CLOSING TIME AT THE MUSEUM • by Dennis Haen

Milar hated going to the museum, as most ten year olds would, and considered it as stuffy and snotty as his parents, Esmerelda and Peko.  Even he had figured out that they had changed their birth names, and that they wanted their son to have an original designation as well.  What snobs, he thought.  What fakes.  They walked him around the museum to impress culture upon him, holding their noses in the air at paintings worse than what his three year old cousin could do.  He watched them and waited for the next part of their routine as they stared at some abstract slashing of colors on a canvas, an impression of a naked woman.  Milar’s mother had stood naked for him once so he could appreciate the female body and not sexualize it later in life, and seeing her like that made her more normal than when she wore that eclectic mixture of hippy and goth clothing.  Peko had dyed his skin and hair white as some protest gesture against animal experimentation, and his pointed chin and nose made him look like a lab rat.

“Oh,” Peko gasped in reference to the painting, putting his hand to his mouth, “There it is.  Do you see it?”

‘There it is’ was part of their routine, that vagueness which when asked ‘What do you see?’ they replied ‘You must find it for yourself.’  When Milar figured out that this answer meant that they didn’t have to prove that they were seeing anything, he realized how pretentious they were.

Esmerelda canted her head sideways, nodding in agreement.  “Ah, yes.  There it is.”

Milar just followed them silently. Sometimes he nodded agreement, sometimes he shook his head, and sometimes he made funny faces as he faked interest, unnoticed. The paintings on the walls were mostly rude spatterings that his parents tried to imitate on their own walls, and there were some displays of random objects and junk thrown together under some artistic guise.  The funny thing about their act was that they believed it themselves, and told him that he must seek out the original in everything he looked at but never share it with others, because they must find ‘it’ for themselves.

In front of a large, wall-like sculpture near a corner, Peko asked, “Do you think with all the people who have come through that there is anything original to be discovered in these pieces?”

“I’d think not,” Esmerelda said.

As they turned away, Milar noticed a figure slumped against the wall, mostly obscured from sight as most visitors turned in the opposite direction.  The man wore a tan custodial uniform and hat, and had his face in his hands.  Milar decided the thrill of his day should be denying an on-duty nap to a menial laborer, and approached to poke him.  As Milar’s finger neared the man’s face, he noticed the pale complexion, unblinking eyes, and a fly crawling in and out of the nose.  He withdrew in disgusted excitement to his parents.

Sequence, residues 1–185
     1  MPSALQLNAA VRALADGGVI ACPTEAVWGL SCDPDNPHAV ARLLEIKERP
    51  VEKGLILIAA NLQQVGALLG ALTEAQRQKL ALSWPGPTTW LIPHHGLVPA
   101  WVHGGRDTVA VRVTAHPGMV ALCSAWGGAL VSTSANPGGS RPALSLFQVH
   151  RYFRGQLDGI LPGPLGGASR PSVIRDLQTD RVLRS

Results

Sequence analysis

“Mom, Dad,” he blurted as he dragged them by the hands back to the sculpture, “You gotta see this!”

They stared at it speechlessly as he pointed and stammered.

“It’s a… it’s a… it’s…”

“It’s so cliché,” Esmerelda said.

“A knockoff of the resting janitor in Milwaukee,” Peko said, shaking his head.

“He’s a dead guy,” Milar exclaimed.

“How melodramatically cliché, then,” Esmerelda reiterated.

“No!” Milar insisted, agitated.  “He’s no art display, he’s really — ”

“Yes, Milar,” Peko agreed, “This is not art.  What a pathetic effort.”

“But… but… he’s…” Milar stuttered.

Three chimed tones came over the public address system.

“Ladies and Gentlemen,” a soft voice said, “The museum will be closing in five minutes.  Please make your way to the exits now.”

Both Esmerelda and Peko sighed, turned towards the exit sign, and gave a quiet “Come along, Milar.”

Milar, frustrated and alone now, stomped back to the body and pressed his finger to the cheek.  It was cooler and less giving than skin should be.  He shivered yet held his finger there several moments more.  It was gross and exciting and sad and thrilling.

It was real.

Milar ran for the exit, and as he passed the guard he yelled, “Hey, you might want to give the janitor back there a kick.”

“Whatever, kid,” the man replied as he focused on closing up and going home.

Milar caught up to his parents and fell into a silent walk behind them, his previous excitement turned to dejection.  He wanted to tell someone, but doubted even his friends would believe unless there were mention in the news.

“Milar, dear,” Esmerelda said without looking back, “you garnered some emotion about the museum this time.  Shall we come back soon?”

He considered his curiosity about the body, about how long before it would be found and when it might stink and if it would get maggots on it.  He weighed these against the reaction he had gotten from his parents.

“No,” he sighed with his head down, “There’s nothing original left to find there.”


Dennis Haen lives in Wisconsin with his wife and three kids.


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